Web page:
“On a long run, we had about a 10th place car, which is probably a little bit better than we usually do here,” Kenseth, driver of the No. 17 Zest Ford Fusion, said. “But on short runs, we weren’t very good at all and then we got that caution there at the end and that didn’t work in our favor.”
“We weren’t that great overall.”
Not Surprising: As has his season gone, so did the New Hampshire race play out. Kyle Busch had a great outside pole start go south with engine woes yet again.
And while his crew chief Dave Rogers attempted to put the best spin on it, Busch was less then complimentary behind the wheel of the No. 18 M&M’s Toyota.
“Unfortunately, we picked up a ‘miss’ under the hood,” Rogers said. “We just stayed out there and rode it out, and got the best finish possible.”
When told by his crew chief that he could not fix the car and to just ride it out, Busch said simply “Imagine that.”
Surprising: The two Michael Waltrip Racing teammates in the Chase had diametrically opposite experiences at the Magic Mile this past weekend. Clint Bowyer, in the No. 15 5-Hour Energy Toyota, finished fourth but Martin Truex Jr., in the No. 56 NAPA Auto Parts Toyota, finished 17th.
“We had a solid race car,” Bowyer said. “But we needed a little bit more.”
“There’s a lot of racing left,” Bowyer continued. “It was a solid finish and kept us in the game going to Dover.”
Not Surprising: While Stewart Haas Racing had a seemingly solid day, with Tony Stewart finishing seventh and teammate Ryan Newman finishing tenth, both were disappointed when the checkered flag flew.
“It might’ve been a solid result, but we need to be better than that,” Stewart said simply.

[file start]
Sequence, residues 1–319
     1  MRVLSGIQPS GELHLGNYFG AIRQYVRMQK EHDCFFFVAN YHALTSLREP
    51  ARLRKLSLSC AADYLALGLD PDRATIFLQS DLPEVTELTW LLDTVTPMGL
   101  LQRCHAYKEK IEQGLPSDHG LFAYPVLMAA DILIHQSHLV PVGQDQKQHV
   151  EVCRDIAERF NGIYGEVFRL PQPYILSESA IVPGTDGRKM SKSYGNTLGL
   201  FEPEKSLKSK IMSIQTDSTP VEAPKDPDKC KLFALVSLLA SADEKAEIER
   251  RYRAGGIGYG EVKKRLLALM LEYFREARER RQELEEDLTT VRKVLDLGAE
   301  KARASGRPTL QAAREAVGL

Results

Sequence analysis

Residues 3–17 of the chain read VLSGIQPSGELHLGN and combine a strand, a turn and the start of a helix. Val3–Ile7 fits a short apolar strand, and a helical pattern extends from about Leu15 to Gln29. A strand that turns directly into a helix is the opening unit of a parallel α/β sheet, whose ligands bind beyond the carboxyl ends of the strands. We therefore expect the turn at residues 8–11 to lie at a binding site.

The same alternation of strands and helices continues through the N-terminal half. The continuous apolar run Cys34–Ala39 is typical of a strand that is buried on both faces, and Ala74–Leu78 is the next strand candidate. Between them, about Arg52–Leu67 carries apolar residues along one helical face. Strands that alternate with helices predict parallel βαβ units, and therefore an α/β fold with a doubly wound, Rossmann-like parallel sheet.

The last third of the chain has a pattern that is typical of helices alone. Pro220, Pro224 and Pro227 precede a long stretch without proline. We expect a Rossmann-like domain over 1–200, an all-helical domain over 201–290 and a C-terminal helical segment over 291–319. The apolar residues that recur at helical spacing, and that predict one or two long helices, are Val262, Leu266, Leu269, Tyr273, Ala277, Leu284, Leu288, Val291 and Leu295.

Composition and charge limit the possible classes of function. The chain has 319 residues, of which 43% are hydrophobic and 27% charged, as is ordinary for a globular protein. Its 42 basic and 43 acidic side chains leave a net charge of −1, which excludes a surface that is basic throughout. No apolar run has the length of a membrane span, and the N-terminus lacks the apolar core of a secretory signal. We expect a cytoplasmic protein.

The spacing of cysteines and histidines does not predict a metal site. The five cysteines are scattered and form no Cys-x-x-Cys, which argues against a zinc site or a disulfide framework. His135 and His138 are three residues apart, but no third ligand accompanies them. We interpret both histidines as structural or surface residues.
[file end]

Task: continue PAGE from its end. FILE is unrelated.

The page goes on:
“It was just not what we wanted,” Newman said. “Two top-10s aren’t bad, but we’d like to get Aspen Dental a win, too.”
Surprising: Kasey Kahne, driver of the No. 5 Farmer’s Insurance Chevrolet, had a surprisingly consistent run at the Magic Mile. He finished in the same place as his number, position five.
“We had another consistent day,” Kahne said. “We have been pretty consistent so far so the first two are good for the Chase.”
“Hopefully, we can keep it going and get a little faster if we want to catch those other guys,” Kahne continued. “That would be pretty cool.”
Not Surprising: With a thirteen place finish and an issue with his pit stop, it was no surprise that the Dale Earnhardt, Jr. was in a state of dislike.
“I didn’t like the car in practice and didn’t really like it all weekend,” Junior said of his No. 88 AMP Energy/Diet Mountain Dew/National Guard Chevrolet. “We’ve got to get our stuff together to compete with these guys.”
“This ain’t good enough.”
Surprising: Regan Smith, celebrating his 29th birthday and finishing 16th, got a real surprise. He found out that he was being replaced in his No. 78 Furniture Row/Farm American Chevrolet.
“You just have to keep plugging away,” Smith said. “You need to figure out a way to make the best of the situation.”
Not Surprising: Brad Keselowski, scrappy as ever, could only talk about beating, banging, clawing and digging after his 6th place finish in the Blue Deuce.
“There was a lot of clawing in the race,” Keselowski said. “We’d have liked to have been a little faster but we still had a decent day.”
“Like my 2 crew does every week, they just keep digging and made something happen.”
When asked about his position in the point standings, now just one point behind Jimmie Johnson, Keselowski was direct and to the point.
“One point doesn’t seem too bad,” Keselowski said. “We’ll go to Dover and give ‘em hell.”